Saunders, R., Brack, M., Renz, B. et al. (2020). An Evaluation of Parent Training Interventions in Scotland: The Psychology of Parenting Project (PoPP). Journal of Child and Family Studies 29, 3369–3380. https://doi.org/10.1007/s10826-020-01817-y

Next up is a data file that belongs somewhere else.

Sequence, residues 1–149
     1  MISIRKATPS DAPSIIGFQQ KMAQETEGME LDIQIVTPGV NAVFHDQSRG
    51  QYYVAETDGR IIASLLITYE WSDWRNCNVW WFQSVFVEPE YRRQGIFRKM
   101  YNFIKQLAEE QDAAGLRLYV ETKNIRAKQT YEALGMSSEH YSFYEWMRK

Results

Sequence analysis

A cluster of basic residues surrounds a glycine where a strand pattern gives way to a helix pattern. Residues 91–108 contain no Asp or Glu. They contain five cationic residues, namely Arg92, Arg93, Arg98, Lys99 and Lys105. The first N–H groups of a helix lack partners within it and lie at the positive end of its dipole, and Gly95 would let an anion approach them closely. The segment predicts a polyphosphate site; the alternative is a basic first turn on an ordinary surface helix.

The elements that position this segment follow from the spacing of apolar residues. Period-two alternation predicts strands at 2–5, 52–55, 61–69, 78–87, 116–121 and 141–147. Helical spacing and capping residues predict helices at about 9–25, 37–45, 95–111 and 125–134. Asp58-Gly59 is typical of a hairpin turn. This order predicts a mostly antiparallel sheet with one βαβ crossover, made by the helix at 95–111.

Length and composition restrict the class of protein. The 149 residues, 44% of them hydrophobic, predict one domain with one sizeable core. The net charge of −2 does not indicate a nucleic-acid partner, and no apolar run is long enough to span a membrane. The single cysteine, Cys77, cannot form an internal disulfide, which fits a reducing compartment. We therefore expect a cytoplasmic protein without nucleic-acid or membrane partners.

Early-onset behavioural difficulties persisting into the pre-school years, can make young children vulnerable to poor long-term outcomes including the development of conduct disorders, which are linked to significantly higher societal costs. Several parenting interventions have been shown to reduce behavioural difficulties in children and this evaluation presents outcomes from the Psychology of Parenting Project (PoPP), a national implementation programme delivered in early years services in Scotland. This evaluation of service implementation reports on a large cohort of children (2204, age: 2–5 years) whose parents/caregivers participated in PoPP group-based parenting interventions. We explored change in parent-reported Strengths and Difficulties Questionnaire (SDQ) scores following either the Incredible Years Pre-school Basic or the Level 4 Group Triple P interventions. Latent profile analysis (LPA) was used to identify statistically distinct sub-groups of children based on SDQ subscale scores (emotional, conduct, hyperactivity, peer problems and prosocial). Pre- and post-intervention SDQ scores were available for 58% of children. Large intervention effects were reported and analyses showed that 60% of “at-risk” children were no longer scoring in the at-risk range post-interventions. LPA identified four statistically-distinct profiles of children. Children from “low” and “moderate” behavioural problem profiles benefited more from Triple P, whereas “severe” and “hyperactivity-focused” problem profiles displayed better outcomes following Incredible Years. When delivered through a robust implementation scheme, these parenting interventions can be effective in routine service settings and produce clinically important improvements. These findings and the identification of distinct profiles of children who may respond differentially to interventions could guide the planning of future dissemination schemes.